Even before streaming services and iTunes I never bought DVDs as I didnt see the value. I will watch the same movie maybe 3 times in my life so it always made more sense to me to rent them for a video store. I guess for people that like watching the same thing over and over again purchasing makes sense.

        Well one problem is Video stores are going the way of the dodo. So that isn't even going to be an option in the not too distant future.

        Another problem, and a big part of the reason I buy movies is their profitable life-span. I remember watching them on VHS (or even Beta) years ago and thinking "I can just go rent this any time I want to watch it". Only to find 6 or 12 months later that the store had sold or trashed their copies of the movie I wanted to watch again because it wasn't super popular and they needed to the shelf space.

        This is a problem we're even seeing with digital - Netflix rotate their catalogue. They simply don't make *every* movie available the whole time. If you can buy a DVD you want to watch (even if it's only 3 times in your life) for a cheap price then why not? At least then you *can* watch it when/if you get the urge.

        And all that's not even considering the reality of children's viewing habits. Often kids will watch a single movie over and over and over... until your ears bleed at the first few chords of "Let It Go" and you collapse in an uncontrollably twitching heap. Much better to buy them the damned DVD and lock them in a room with it :P

          I havent used video stores in years, I'm all digital, I have no trouble finding anything I want to watch from any era :-)

          As for your last comment that's a perfect reason not to buy DVDs for your kids.

            lol true, except then you have to find some other way to entertain the little buggers.

      I used to be a lot into the whole renting movies and such. Every Tuesday, I would go to my local video store and rent about 5 Bluray movies, but it was becoming a bit expensive for me. So I decided to build my own digital library using PlexTV. Its been great since then and no a single cent spent on rentals.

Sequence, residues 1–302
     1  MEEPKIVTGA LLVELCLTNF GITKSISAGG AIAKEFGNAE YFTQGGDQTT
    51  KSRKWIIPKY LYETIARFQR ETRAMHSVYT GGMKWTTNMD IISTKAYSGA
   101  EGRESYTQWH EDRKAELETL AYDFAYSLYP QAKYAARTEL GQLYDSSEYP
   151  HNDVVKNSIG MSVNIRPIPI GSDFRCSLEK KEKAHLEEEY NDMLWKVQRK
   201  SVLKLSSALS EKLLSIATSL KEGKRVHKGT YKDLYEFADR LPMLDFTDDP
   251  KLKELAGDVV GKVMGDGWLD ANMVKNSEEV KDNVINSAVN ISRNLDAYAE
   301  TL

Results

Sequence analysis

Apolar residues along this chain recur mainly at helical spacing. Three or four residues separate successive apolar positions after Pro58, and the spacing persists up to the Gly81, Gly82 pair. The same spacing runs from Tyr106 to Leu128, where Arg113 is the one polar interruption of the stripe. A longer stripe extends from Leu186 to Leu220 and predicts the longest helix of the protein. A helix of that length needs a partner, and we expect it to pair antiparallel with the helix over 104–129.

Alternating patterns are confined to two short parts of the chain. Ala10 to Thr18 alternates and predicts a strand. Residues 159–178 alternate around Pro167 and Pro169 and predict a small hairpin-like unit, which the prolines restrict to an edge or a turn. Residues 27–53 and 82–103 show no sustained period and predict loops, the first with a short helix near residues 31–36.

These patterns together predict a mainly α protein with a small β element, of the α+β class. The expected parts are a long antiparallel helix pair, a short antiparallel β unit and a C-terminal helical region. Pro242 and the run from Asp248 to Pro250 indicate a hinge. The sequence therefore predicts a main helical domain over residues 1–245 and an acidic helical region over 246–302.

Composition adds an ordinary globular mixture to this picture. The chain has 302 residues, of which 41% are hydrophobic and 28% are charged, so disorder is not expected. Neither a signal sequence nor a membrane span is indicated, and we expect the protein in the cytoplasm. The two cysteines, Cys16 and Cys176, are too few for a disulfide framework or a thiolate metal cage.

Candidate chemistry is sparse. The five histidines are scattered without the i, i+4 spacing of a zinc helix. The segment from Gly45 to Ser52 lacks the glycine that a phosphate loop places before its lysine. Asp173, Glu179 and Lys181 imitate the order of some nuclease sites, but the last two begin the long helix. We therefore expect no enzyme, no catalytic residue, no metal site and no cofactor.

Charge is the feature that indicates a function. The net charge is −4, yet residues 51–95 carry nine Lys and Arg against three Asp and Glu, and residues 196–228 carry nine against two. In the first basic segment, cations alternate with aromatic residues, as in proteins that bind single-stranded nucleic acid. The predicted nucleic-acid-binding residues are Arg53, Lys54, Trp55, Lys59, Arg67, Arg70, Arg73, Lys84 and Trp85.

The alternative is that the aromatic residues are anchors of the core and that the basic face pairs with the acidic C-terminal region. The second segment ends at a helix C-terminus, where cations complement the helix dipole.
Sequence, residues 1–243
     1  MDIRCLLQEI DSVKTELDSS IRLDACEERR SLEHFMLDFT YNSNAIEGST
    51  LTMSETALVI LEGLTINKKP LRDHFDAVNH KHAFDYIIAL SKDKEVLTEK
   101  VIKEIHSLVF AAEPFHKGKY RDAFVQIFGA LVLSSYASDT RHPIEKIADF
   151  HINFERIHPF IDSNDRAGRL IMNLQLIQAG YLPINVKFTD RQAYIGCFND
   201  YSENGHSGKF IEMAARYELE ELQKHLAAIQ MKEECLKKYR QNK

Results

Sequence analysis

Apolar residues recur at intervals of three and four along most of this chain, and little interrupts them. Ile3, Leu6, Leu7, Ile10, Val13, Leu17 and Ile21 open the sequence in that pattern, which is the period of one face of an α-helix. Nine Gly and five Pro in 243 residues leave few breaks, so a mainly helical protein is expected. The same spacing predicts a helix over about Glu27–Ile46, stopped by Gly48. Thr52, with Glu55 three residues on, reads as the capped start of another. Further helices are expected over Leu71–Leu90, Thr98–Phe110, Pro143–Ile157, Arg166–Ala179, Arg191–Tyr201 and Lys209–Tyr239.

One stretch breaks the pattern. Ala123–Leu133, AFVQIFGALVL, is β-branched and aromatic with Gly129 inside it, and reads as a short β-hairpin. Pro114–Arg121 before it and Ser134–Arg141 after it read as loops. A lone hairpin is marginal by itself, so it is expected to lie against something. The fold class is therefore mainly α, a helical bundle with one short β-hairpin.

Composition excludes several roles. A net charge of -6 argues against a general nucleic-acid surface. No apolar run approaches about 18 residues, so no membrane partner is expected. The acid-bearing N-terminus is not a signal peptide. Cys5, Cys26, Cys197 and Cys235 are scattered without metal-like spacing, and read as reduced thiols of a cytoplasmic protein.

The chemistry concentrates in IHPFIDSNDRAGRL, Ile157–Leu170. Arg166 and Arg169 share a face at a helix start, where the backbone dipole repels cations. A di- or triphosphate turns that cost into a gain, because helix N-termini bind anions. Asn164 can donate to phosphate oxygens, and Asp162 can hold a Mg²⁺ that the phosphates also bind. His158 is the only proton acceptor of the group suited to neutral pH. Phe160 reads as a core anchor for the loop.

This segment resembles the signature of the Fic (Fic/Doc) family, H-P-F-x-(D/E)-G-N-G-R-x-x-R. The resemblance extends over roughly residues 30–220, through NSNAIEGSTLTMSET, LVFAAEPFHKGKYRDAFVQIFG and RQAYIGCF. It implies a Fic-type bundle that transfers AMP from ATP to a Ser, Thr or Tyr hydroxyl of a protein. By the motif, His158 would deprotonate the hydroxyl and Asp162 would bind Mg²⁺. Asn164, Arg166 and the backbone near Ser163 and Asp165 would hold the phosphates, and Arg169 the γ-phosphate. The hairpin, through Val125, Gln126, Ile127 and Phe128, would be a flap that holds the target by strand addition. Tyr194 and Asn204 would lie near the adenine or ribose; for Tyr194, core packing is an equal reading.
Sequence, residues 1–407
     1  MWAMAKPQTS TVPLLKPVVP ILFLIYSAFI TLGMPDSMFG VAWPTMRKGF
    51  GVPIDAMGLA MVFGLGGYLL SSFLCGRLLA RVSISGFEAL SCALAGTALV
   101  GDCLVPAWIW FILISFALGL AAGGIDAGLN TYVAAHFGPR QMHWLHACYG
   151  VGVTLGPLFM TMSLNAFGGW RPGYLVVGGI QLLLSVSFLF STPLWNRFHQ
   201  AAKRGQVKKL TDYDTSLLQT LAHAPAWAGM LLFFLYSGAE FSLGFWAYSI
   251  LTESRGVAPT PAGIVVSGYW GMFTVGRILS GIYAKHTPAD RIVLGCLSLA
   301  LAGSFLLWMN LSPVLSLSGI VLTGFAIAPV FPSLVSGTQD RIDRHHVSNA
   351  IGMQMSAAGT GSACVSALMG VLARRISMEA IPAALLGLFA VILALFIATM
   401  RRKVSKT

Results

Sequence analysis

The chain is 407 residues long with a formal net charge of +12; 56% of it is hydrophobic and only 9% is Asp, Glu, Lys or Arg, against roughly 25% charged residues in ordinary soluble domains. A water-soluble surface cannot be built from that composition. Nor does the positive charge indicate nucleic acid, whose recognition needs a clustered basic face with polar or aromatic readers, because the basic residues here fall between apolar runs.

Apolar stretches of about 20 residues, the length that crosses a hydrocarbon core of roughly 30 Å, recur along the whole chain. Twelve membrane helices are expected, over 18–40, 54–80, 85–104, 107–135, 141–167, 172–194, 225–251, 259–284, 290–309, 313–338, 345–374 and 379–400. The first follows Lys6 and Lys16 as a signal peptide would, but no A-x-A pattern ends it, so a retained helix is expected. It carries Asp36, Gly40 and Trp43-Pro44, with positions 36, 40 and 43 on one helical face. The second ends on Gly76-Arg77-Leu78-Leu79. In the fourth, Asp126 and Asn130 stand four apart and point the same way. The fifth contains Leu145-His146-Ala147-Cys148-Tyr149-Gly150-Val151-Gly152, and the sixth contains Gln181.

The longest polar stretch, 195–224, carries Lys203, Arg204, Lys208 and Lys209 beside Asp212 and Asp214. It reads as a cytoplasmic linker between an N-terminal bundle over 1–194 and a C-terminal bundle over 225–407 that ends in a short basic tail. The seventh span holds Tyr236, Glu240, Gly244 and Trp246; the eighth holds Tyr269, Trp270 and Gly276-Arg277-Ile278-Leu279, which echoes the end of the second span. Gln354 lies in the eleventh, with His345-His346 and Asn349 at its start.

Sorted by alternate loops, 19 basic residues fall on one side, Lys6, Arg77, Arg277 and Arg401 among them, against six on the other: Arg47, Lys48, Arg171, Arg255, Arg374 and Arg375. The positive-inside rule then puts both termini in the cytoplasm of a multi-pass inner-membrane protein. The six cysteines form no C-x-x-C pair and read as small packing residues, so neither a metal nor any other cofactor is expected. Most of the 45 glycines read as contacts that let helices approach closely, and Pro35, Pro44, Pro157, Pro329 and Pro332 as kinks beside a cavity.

Now that I have NBN and a UHD TV, I can watch UHD content on my TV.

    A lot of new DVD and Blu-Ray releases are "all region" anyway so it's not a huge issue. And my mate bought an all region DVD player from Harvey Norman on Saturday for $34, which makes it a complete non-issue regardless. I'm much happier buying physical media than burning through my bandwidth on compressed streaming media. I also prefer the process of browsing in a shop to trying to find out what's available where on-line.

    "until the NBN arrives on their doorstep"

    The irony being that NBN will be arriving a mile down the road making Ultra HD streaming potentially troublesome.

    Will I be able to use these in my PC which has a Blu-ray drive or will I have to update it?

      A good question, and not one I've seen covered before.

      Some quick research now gives the answer "maybe, but probably not".

      * You need a newer BDXL compatible drive to read the triple- or quadruple-layer discs that UHD will use.
      * If you can read the file structure on the disc, you'll still need a software player capable of decrypting and playing the movie
      * And you may also need a graphics card and monitor combination that both support HDCP 2.2 to allow the video signal to be processed correctly.

        Cheers for the reply @zak. Looks like I'll probably have to upgrade my drive then.

    I didn't purchase any Blu Ray from few years but now thinking it's time to go for it.

    Just wait few more months the UHD player will be cheap as chips...

    Then Super Duper UHD will be out... lol... 8K resolution? 12K resolution? the cycle never ends... I have about 600+ DVD... was thinking updating it to BD... now UHD.... and now I don't bother... just NETFLIX it... cheap and simple.

    They WANT people to pirate, theres no other explanation for making all the 4k screens people have already obsolete.
    The whole chain needs to be hdcp 2.2 compatible, so thats a new monitor, graphics card, AV receiver and blu ray drive that i would need to buy in order to watch these 4k blurays. To hell with forking out another 1-2 grand for that. (this may not be the case INITIALLY, im not sure, but down the track you can be damn sure theyll lock it down because they can).

      To be honest, they're not really aiming it at PC people. They're looking more at the home theatre market. There is a very real push to get people upgrading their TVs every few years, same with their players. I suspect most people buying a new TV these days would be buying UHD (though probably not the HDR versions) so there is half the upgrade done. And while the current player is about $600 it won't be long before you'll see them for $200 then $100...

      Most 4k TV's bought in the last two years are HDCP 2.2 compatible. Even if the older ones (read: mine) might not have a built in HVEC decoder for 4k streaming.